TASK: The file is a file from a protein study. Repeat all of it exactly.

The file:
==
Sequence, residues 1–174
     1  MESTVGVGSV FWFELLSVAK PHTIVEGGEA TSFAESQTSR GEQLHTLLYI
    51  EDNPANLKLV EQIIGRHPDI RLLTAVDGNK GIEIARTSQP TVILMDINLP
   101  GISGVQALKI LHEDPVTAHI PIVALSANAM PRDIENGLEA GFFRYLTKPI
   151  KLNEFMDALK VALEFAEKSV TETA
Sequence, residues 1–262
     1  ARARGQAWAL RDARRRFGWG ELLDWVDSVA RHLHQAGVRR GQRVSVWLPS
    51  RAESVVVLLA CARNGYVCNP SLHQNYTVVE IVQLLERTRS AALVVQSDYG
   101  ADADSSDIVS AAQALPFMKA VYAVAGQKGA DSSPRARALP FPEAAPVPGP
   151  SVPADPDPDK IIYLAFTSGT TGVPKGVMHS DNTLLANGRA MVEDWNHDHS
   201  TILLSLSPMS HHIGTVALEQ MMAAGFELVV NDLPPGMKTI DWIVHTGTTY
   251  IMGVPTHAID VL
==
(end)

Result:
Sequence, residues 1–174
     1  MESTVGVGSV FWFELLSVAK PHTIVEGGEA TSFAESQTSR GEQLHTLLYI
    51  EDNPANLKLV EQIIGRHPDI RLLTAVDGNK GIEIARTSQP TVILMDINLP
   101  GISGVQALKI LHEDPVTAHI PIVALSANAM PRDIENGLEA GFFRYLTKPI
   151  KLNEFMDALK VALEFAEKSV TETA
Sequence, residues 1–262
     1  ARARGQAWAL RDARRRFGWG ELLDWVDSVA RHLHQAGVRR GQRVSVWLPS
    51  RAESVVVLLA CARNGYVCNP SLHQNYTVVE IVQLLERTRS AALVVQSDYG
   101  ADADSSDIVS AAQALPFMKA VYAVAGQKGA DSSPRARALP FPEAAPVPGP
   151  SVPADPDPDK IIYLAFTSGT TGVPKGVMHS DNTLLANGRA MVEDWNHDHS
   201  TILLSLSPMS HHIGTVALEQ MMAAGFELVV NDLPPGMKTI DWIVHTGTTY
   251  IMGVPTHAID VL